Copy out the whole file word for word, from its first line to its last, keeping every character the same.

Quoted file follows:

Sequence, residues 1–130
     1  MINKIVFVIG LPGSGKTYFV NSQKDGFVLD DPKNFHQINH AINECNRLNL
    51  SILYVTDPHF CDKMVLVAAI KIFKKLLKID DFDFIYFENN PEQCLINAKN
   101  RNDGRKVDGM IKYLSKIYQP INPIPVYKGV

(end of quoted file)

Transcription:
Sequence, residues 1–130
     1  MINKIVFVIG LPGSGKTYFV NSQKDGFVLD DPKNFHQINH AINECNRLNL
    51  SILYVTDPHF CDKMVLVAAI KIFKKLLKID DFDFIYFENN PEQCLINAKN
   101  RNDGRKVDGM IKYLSKIYQP INPIPVYKGV